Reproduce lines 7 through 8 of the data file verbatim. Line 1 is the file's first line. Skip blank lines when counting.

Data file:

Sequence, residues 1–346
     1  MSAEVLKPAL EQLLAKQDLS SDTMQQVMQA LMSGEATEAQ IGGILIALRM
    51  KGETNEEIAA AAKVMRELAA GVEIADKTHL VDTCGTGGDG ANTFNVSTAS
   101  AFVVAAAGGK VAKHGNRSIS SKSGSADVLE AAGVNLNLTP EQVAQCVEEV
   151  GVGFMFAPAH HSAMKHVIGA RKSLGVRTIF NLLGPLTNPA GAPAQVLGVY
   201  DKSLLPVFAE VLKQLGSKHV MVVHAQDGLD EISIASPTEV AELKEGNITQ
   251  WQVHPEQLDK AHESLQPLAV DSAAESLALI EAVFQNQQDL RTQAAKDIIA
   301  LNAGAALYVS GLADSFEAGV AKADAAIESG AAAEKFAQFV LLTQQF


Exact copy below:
   251  WQVHPEQLDK AHESLQPLAV DSAAESLALI EAVFQNQQDL RTQAAKDIIA
   301  LNAGAALYVS GLADSFEAGV AKADAAIESG AAAEKFAQFV LLTQQF